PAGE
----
On November 15, two weeks after his last surgery, Abedini, who was wearing an eyepatch, went to various pharmacies to find the eye drops he needed. As it has been reported, there was a shortage of medications. He finally succeeded in finding a pharmacy that had his eye drops. However, it was located in Tehran’s Sadeghieh Circle which, at that time, was the scene of protests.
After Abedini bought the eye drops, he was beaten by four plainclothesmen on motorcycles, thrown into a van and taken to the Greater Tehran penitentiary, known as Fashafuyeh Prison, where he was beaten again.
IranWire has learned that Abedini had been charged with “acting against national security,” “propaganda against the regime” and “leading rioters.” It took a few days for his parents to find him and secure his release after posting a bail for 200 million tomans and signing many pledges, including a pledge to remain silent.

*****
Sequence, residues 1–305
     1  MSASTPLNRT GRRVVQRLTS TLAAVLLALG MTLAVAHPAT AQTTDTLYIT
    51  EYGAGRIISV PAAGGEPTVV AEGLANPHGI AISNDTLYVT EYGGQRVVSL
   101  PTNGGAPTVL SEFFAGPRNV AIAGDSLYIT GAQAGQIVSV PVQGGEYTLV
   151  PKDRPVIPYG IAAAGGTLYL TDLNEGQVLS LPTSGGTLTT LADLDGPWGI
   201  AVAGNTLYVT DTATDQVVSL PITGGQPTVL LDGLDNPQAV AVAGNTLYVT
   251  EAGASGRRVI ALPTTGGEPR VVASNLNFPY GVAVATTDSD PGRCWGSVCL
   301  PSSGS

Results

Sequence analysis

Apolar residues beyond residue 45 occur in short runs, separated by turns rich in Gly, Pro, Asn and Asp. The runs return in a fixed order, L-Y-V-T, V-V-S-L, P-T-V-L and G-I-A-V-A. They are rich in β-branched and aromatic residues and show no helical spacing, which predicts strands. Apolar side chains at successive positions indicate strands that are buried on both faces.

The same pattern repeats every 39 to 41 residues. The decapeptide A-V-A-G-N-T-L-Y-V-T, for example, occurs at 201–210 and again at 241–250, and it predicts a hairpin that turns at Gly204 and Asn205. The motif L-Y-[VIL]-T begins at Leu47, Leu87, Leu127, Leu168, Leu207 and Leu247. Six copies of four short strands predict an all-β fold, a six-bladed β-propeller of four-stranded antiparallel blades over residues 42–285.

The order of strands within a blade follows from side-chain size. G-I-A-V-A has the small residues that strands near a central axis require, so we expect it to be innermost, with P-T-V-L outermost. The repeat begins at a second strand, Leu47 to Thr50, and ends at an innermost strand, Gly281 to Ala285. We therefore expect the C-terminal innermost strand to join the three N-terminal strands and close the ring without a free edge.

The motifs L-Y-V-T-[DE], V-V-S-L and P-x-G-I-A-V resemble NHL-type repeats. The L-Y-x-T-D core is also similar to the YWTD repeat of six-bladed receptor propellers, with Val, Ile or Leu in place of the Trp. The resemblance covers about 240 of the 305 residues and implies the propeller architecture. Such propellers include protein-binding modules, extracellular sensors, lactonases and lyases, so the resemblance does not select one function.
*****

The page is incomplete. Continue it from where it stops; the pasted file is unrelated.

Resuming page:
Expelled from University
After his release from Fashafuyeh Prison, Abedini was expelled from university as well.
Abedini was a third-semester student of management at Azad University, next to a base of the Revolutionary Guards, who told him he must prepare himself to “quit.”
The second of three children, Abedini was born in Tehran in 2003. While going to college, he was active in modeling and was a stylist. He also played futsal.
A friend of Abedini tells IranWire that the young man is tormented all the time.
“Sometimes he says that nobody will remember him in a couple of years. He believes that he’s responsible for the suffering of his parents. Perhaps that’s why he repeatedly says that if the shooter is found he wants retribution and only retribution.”